I was always very careful to keep a professional, neutral tone in what I did and, with that in mind, I met the person that Randy had brought in to help facilitate the much-needed sale. A business advisor called Steve Hollis was appointed as Chairman, his brief to sort the club out and help get it sold.
I found him very engaging, having worried that Randy had once again brought in someone with no experience of football. Refreshingly, he didn’t try to hide that fact. It didn’t take him long to get the club into a position to sell, and sold it was.
Will all this work? Well, I can now answer that. No. We now have yet more new owners!
I met Xia. It was before the Huddersfield match in 2016. I had been in hospital the week before having an upper ab/lower rib operation. The plan I had (thinking it was a smaller operation than it turned out) was to be discharged on the Saturday, get a taxi straight to Villa to see the match and then go home and rest. That proved impossible and actually I discharged myself on the Friday. However, the next Tuesday, much against common sense, I got to the Villa because before the game was a fan consultation meeting and as I’d played a big part in shaping the agenda, I didn’t want to miss it. Dr.. Xia was there. I was embarrassed because I was late (there had been an accident in the tunnel in the centre of Birmingham, it caused chaos, so being late wasn’t my fault but… well, I beat myself up anyway) and I think I was still high on the morphine that had been pumped into me. He seemed a very nice, quietly spoken guy and spoke of big plans for his club. But from the people I was talking to behind the scenes and the way the deal was structured, I didn’t really buy into this owner.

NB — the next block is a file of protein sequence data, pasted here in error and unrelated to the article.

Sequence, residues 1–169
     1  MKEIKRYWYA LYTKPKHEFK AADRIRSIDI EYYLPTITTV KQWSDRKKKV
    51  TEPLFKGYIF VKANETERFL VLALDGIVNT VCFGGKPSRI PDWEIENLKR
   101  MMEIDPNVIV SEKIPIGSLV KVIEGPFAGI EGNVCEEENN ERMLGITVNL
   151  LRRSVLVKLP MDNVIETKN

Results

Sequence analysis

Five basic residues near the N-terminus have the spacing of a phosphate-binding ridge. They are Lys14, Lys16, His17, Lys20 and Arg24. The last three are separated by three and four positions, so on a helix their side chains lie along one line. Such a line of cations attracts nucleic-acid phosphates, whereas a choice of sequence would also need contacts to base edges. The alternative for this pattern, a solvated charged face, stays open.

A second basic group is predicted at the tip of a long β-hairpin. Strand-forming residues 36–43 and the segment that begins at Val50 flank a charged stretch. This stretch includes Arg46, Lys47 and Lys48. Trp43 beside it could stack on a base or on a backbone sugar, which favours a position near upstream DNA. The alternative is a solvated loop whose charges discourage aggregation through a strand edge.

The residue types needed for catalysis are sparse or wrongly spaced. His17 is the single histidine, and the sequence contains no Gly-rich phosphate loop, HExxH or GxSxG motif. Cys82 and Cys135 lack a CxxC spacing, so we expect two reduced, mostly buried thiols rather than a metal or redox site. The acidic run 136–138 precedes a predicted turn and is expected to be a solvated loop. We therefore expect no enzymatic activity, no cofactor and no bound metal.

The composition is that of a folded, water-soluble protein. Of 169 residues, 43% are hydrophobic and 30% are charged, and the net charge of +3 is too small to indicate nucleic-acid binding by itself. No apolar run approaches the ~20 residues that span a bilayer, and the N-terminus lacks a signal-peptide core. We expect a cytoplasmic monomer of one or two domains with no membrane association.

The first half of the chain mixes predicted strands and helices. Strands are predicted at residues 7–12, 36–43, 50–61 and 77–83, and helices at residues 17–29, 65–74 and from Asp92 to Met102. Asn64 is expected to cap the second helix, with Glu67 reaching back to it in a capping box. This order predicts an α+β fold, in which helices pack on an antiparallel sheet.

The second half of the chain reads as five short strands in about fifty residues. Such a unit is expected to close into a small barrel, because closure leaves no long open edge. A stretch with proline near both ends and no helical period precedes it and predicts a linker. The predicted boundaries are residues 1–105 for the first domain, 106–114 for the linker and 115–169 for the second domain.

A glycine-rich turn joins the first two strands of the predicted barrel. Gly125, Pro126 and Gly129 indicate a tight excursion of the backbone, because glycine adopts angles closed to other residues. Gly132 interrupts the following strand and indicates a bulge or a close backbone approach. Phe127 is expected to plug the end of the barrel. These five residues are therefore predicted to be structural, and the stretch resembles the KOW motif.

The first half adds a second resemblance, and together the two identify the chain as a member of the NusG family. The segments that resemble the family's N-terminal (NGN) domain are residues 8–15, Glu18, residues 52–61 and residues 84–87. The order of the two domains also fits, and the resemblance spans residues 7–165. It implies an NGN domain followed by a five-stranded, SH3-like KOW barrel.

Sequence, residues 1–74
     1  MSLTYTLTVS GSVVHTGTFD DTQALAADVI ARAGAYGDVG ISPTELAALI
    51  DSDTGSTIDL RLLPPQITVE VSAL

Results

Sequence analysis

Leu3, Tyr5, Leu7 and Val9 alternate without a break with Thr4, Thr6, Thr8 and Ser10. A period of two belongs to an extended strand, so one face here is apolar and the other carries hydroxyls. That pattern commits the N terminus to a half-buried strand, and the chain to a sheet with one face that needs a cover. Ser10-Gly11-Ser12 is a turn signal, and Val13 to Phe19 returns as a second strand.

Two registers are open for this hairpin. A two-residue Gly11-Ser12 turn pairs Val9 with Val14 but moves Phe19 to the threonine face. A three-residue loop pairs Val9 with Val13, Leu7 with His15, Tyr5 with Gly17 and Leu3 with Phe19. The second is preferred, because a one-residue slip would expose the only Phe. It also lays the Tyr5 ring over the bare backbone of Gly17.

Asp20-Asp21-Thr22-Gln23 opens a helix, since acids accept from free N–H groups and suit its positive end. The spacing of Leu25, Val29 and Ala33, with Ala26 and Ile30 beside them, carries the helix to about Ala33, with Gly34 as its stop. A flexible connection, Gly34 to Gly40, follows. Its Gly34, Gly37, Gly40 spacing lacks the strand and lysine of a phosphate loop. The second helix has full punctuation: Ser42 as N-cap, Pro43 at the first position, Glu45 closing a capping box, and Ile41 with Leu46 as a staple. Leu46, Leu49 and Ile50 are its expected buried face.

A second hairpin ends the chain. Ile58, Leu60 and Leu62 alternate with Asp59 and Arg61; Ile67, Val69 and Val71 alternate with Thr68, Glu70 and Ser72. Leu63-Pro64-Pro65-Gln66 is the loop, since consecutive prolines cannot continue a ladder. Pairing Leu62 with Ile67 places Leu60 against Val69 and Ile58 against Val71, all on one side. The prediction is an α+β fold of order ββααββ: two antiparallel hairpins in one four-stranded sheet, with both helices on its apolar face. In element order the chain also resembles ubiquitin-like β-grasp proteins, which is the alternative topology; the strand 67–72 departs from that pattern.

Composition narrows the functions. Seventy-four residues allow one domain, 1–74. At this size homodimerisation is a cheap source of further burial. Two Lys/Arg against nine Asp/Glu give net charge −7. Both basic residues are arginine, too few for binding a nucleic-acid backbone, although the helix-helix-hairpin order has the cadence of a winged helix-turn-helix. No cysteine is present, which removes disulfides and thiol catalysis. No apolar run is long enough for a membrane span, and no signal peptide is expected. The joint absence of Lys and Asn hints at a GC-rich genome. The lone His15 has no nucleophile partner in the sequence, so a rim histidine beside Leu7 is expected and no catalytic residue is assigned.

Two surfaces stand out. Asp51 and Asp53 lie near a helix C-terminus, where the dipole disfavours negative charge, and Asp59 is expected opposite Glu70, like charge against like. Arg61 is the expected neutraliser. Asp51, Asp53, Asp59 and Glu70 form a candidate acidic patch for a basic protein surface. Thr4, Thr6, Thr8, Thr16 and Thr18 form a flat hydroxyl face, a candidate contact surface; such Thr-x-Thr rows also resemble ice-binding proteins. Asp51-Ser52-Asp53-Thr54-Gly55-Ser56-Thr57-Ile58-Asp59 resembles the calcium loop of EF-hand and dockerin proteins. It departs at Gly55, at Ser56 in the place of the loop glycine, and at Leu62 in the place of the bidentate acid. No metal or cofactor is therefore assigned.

I also met the CEO under the now-departed Xia, Keith Wyness (who is also now departed), numerous times and I think he got a measure of me. The biggest compliment he’s paid me was, when I was going into a meeting with the head of the Aston Villa Foundation, Keith said, ‘You’ll like this, it’s right up your street.’ I’m glad he’s figured out quite quickly that, although vocal, it’s not about what I can get, it’s about the pride in my club and to see it do well, and not just on the pitch.
I still hope to win enough money to buy the club myself, but I have to be totally honest, the attempts so far have proved pretty unfruitful. I’m not sure I’d make a great football club owner, but the press would have a field day with my surname:
‘Fear Grips Villa Park!’
Forum thread: Click Here….
(I’m making a tentative return to writing, something I’ve done for 20 years now, following yet more brain ache issues and my 14th operation. I was close to hanging up the keyboard, but I’ll see how it goes. Hopefully this article is error free! Right now, the lights are on but no one is home so to speak!)